The history of the journalism industry consists of the continuous introduction of new technologies with innovative ways to ensure their financial sustainability, so that the stable media doesn’t fall behind in a competitive race.
Every time a technology that promises to attract and maintain wide audiences peeps out, the media are looking for ways to strengthen their positions and, as much as they can find, ways to ensamble those technologies and business models.
This process is what has become the core of multimedia, the merge of different platforms into a single one, as it specially happens with the newspapers companies that at the same time, manage radio, television and digital platforms.
I call this the Pentagon of media, the new sign of the era of social communications.
Each one of these platforms feed each other mutually off the inputs that each in particular manage, creating a distribution mechanism that offers users or customers a greater field of audience than these would individually achieve.
Readers of the newspapers, satisfied with the level of quality, objectivity and credibility of its contents, will always trust the digital platform of that newspaper, which will see it as an exentension of the main source, in which they have deposited loyalty for many years.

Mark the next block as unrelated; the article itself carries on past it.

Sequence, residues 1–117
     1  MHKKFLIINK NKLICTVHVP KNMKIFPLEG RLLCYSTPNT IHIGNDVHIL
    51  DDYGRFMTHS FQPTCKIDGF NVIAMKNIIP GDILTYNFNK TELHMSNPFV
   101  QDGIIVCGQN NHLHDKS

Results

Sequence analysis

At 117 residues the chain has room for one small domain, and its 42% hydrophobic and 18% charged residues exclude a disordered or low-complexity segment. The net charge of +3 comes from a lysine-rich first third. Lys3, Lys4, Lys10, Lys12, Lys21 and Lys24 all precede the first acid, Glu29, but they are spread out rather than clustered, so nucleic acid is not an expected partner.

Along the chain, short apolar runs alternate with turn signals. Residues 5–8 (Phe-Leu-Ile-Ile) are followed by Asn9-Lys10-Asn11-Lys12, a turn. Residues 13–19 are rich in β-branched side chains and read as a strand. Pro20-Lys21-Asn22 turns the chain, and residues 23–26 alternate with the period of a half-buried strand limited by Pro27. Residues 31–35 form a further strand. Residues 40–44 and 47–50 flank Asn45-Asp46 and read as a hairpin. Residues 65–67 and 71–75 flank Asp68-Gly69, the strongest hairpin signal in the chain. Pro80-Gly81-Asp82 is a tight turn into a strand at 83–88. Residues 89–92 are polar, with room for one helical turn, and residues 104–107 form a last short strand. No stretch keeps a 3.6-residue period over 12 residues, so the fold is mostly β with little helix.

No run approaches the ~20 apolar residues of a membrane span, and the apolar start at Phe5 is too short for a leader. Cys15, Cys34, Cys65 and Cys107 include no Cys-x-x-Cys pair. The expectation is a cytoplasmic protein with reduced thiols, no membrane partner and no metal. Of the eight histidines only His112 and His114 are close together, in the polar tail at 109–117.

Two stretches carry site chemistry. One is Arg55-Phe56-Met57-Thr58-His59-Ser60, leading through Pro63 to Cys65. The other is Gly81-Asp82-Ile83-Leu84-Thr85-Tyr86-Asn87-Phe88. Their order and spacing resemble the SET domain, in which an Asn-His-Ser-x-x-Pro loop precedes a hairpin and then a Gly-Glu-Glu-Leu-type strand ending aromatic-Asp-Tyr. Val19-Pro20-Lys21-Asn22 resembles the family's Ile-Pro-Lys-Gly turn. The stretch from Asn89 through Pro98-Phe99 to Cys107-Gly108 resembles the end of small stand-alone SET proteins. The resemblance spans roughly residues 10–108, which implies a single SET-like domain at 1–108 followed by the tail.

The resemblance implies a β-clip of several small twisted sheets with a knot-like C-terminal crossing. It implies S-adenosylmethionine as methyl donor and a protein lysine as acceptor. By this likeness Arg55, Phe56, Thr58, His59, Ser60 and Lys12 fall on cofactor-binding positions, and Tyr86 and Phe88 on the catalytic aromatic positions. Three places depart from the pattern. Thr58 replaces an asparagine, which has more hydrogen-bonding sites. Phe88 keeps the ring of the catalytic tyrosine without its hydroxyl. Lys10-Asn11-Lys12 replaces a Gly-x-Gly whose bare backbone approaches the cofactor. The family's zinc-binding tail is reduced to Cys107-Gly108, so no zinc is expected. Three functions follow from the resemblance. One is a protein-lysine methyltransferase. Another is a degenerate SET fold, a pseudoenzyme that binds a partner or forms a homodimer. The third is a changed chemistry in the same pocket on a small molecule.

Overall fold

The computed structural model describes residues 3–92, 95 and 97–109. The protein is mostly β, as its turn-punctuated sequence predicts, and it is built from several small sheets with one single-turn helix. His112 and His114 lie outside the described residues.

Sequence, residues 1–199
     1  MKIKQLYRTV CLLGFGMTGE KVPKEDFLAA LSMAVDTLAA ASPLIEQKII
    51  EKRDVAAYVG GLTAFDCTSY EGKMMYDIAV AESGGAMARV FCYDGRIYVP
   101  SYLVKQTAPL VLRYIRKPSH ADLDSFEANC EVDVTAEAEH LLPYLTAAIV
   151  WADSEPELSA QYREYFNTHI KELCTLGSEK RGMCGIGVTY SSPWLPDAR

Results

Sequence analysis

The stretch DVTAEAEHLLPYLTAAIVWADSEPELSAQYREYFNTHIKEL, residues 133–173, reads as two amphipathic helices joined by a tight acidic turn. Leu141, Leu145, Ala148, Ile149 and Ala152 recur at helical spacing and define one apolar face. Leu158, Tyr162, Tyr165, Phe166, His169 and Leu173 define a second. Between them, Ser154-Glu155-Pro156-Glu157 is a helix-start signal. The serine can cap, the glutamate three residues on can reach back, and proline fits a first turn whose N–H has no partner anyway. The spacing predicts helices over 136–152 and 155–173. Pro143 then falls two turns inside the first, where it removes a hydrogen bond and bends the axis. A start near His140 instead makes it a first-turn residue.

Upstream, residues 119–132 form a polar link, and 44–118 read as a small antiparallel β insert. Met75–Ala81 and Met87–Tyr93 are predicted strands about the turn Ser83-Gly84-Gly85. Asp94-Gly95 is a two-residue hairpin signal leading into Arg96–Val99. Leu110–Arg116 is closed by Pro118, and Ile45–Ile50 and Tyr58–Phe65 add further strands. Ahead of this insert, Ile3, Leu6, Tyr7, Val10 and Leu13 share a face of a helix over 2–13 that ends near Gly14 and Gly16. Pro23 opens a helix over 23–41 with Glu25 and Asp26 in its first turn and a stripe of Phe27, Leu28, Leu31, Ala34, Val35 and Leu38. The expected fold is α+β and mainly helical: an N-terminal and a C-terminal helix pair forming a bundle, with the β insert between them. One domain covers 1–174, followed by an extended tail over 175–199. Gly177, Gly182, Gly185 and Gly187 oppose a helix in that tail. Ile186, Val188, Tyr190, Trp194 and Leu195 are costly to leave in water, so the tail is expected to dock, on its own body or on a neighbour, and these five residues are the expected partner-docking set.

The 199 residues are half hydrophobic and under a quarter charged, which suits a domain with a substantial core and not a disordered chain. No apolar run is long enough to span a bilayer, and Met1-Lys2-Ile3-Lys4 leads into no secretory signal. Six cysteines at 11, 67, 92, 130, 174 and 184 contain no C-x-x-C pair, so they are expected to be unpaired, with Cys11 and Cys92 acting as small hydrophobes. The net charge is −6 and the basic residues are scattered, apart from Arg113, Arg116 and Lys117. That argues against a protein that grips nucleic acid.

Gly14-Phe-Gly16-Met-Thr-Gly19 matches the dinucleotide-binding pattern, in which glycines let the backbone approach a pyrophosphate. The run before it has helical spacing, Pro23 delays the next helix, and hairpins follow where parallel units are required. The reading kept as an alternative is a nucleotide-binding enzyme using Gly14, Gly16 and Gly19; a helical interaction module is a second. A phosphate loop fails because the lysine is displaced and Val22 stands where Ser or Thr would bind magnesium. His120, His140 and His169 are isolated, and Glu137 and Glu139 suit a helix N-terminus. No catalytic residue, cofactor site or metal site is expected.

Without each platform losing its own qualities or audiences, the multimedia model encourages some sort of positive balance between textual, visual or oral information, and with this confluence of tools they offer their users a kind of “all-inclusive” in the menu of their preferences.
It’s not a matter of overloading a specific platform, weakening it, canceling it or replacing it, it’s about doing the opposite.
That some of some platforms gets a wider audiences than others does not mean that the nature of their contents must necessarily change by force, only to swim with more pressure in the race of the competitiveness or positioning.
This diversity fascinates me, and the challenge of working around the Pentagon of multimedia that’s crafted by the printed, digital, radio, television and web platforms, that last one with its different branches, and the changeable ways of making pure and authentic journalism in each one of them.
Translated from spanish by Randy Rodríguez.